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Off-roading is tough on a vehicle. Off-roaders regularly push their vehicles to the limit, putting stress on even beefed-up aftermarket components. Even if you stick to casual fire roads, you should get in the habit of performing regular maintenance checks after every off-road trip — as exposure to mud, water, dust and dirt causes parts to wear out faster.

Prevention is a key component to avoiding breakdowns out on the trail, and you certainly don’t want a component to break while traveling at highway speeds either. An added benefit of doing regular maintenance inspections yourself is that the more familiar you are with your vehicle, the more capable you are to address any problems that may arise when you are out on a trail.

1. Clean Up

  • Wash and vacuum your vehicle, especially the under carriage. Lift the hood and hose out the engine compartment. Cleaning your vehicle not only helps protect the exterior of your vehicle but also makes it easier to spot any problems — as well as helping to prevent spreading invasive plant species which you may have picked up along the trail.'s much easier to do this checklist when you can actually see all the parts!


2. Tires

  • Check your tire pressure and then do it again the next day, as tire pressure drops when the air inside it cools down. Don’t forget to check the pressure of your spare also; you might need it one day. Inspect your tires for any deep cuts or missing lugs. Check lug nuts and tighten if needed. If you have beadlocks, check the tightness on them too.

  • Larger tires (like these Nitto Mud Grapplers) bring with them extra weight. Inspect your spare tire carrier for any signs of stress along the weld lines.


3. Differential & Transmission Check

  • Examine the differential and transmission for any damage or leaks. Many off-roaders use heavy-duty covers on their differentials, as seen here, but dented covers can leak. If you've been in deep water check the fluid for a milky-white color which means water contamination and change as needed.


4. Shocks

  • Check your shocks for any damage such as deep dents or leaks, including bushings and mounts.


5. Brakes

  • If you’ve been in deep sand, water, or mud you should inspect your brake drums for mud or sand.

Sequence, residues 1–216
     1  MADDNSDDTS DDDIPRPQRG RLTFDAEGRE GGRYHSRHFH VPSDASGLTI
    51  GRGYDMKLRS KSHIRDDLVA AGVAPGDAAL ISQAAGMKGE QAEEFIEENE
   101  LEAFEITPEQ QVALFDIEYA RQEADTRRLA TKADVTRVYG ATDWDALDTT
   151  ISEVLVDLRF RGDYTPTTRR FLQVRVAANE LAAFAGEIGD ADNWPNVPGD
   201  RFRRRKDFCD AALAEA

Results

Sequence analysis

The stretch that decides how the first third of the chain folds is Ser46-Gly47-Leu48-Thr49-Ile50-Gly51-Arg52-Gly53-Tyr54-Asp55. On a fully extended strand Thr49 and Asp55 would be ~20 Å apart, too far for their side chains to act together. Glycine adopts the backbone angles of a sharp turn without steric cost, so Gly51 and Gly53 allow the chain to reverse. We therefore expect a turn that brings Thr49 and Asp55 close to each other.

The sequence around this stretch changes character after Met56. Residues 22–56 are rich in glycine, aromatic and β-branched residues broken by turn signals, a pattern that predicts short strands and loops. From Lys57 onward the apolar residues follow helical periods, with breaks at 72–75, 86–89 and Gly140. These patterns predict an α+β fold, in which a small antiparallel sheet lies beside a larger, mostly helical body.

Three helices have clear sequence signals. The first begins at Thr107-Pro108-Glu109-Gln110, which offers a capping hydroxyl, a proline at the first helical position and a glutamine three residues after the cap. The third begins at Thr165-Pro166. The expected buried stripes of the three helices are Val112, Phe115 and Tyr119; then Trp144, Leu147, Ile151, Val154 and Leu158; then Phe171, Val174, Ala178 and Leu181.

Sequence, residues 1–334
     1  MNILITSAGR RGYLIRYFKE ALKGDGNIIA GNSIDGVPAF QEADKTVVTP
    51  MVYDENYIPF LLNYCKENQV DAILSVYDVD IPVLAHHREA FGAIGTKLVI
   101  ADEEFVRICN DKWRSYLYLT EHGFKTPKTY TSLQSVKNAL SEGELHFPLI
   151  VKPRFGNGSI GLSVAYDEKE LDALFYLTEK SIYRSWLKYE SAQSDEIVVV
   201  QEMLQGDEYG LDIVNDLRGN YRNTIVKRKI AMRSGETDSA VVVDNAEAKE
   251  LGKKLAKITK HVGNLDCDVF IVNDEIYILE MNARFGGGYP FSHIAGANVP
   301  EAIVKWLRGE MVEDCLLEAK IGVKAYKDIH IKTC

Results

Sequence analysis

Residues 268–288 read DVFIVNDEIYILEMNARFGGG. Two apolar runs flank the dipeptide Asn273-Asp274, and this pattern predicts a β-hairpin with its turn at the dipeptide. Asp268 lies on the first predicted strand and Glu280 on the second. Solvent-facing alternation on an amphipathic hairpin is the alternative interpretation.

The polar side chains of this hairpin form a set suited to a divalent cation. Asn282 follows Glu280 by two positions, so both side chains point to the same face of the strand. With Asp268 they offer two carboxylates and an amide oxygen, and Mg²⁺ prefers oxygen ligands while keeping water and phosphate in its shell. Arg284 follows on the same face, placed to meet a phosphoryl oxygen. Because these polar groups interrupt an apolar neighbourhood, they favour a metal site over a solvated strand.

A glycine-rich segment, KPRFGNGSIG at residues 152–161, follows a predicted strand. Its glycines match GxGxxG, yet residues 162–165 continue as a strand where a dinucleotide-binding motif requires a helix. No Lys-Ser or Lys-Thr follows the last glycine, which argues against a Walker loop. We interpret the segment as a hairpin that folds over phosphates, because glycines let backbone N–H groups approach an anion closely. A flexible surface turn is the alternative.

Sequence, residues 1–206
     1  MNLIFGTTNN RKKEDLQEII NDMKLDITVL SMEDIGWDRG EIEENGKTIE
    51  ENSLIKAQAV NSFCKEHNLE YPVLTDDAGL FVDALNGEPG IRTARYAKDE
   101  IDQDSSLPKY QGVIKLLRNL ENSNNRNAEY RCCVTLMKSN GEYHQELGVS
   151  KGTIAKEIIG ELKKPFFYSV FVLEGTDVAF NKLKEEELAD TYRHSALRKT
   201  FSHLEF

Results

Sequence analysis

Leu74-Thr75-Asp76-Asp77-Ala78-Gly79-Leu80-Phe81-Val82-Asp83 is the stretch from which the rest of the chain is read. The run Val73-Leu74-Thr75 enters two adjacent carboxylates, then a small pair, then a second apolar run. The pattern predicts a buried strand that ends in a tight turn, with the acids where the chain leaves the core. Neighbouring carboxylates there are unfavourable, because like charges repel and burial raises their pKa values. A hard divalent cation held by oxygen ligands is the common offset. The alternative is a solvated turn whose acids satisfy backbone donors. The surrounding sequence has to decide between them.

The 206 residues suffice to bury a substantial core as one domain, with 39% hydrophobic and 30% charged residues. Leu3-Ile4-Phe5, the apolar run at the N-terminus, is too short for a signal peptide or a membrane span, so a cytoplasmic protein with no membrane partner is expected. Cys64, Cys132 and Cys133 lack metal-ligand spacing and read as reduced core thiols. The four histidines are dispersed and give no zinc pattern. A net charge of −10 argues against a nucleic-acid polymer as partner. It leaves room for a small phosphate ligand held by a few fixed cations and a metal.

• Inspect your brake lines, especially if you've lifted your vehicle and still have stock brake lines. If your brake lines are too short they will get stressed from over extension. You don’t want to lose braking power unexpectedly.


6. Axles

  • Larger tires are tough on axle components such as ball joints, knuckles, and stub shafts. Check everything over carefully for any signs of stress such as cracks or bends. Properly jack up your vehicle and give a good tug on each wheel to check for wobbles and looseness.


7. Suspension

  • Check suspension components such as track bar, control arms, springs and bump stops for any signs of wear or damage. Look for any signs of components rubbing against each other.

  • Crawl underneath your vehicle and inspect your suspension and steering components for signs of damage or excessive wear and any loose nuts and bolts.  Wiggle things around a bit checking for looseness.

  • Look at your steering box, where it is mounted to the frame and your steering box sector shaft to ensure everything is as it should be.


8. Grease

  • Grease any joints and bearings that need greasing, including u-joints and driveshafts (if greaseable.) If you're not sure what takes grease, look for a small grease zerk fitting, it indicates a part that needs greased regularly.


9. Frame Check

  • Look for any cracks in your vehicle's frame, especially along weld lines and high stress areas.


10. Engine

  • Hard use and dust causes engine parts to wear out faster, so take a good look under the hood for any leaks and check all hoses, belts and clamps. Look for anything that is loose and replace parts that are worn.

  • Check all fluid levels, including oil, antifreeze, power steering, and transmission. Inspect fluids for any water contamination if you've been in deep water. Replace/refill fluids as needed.

  • Check your radiator to make sure it isn't damaged, leaking or clogged with mud.

  • Inspect your air filter. If you've been out in a lot of dust and you have the type that can be cleaned and oiled, remove and clean it.


11. Winch

  • If you used your winch you may not have had time to spool the line neatly. Take the time now to re-spool it so it is ready to go the next time you need it.


12. Gear

  • Clean and organize your tools, and restock/replace gear in your trail bag so it is ready to go for your next outing.


If this is your first off-road vehicle and you’re not mechanically inclined, don’t be intimidated by your lack of familiarity with all of your vehicle components. In order to get started, perhaps you want to ask someone who's knowledgable to help you through this checklist for the first time. Over time you will come to know your vehicle well enough to at least able to spot when something isn't right so you can call an expert, even if you can’t pinpoint the exact problem on your own.

For an added level of security, many off-road shops offer a safety inspection check. I take my Jeep to my local shop once a year just in case I missed any problems, it gives me peace of mind. Following a regular inspection and maintenance routine will go a long way in keeping your off-road vehicle in good working condition and should help prevent any unexpected problems.

Off Road Basics: Post-Trail Vehicle Maintenance | DrivingLine

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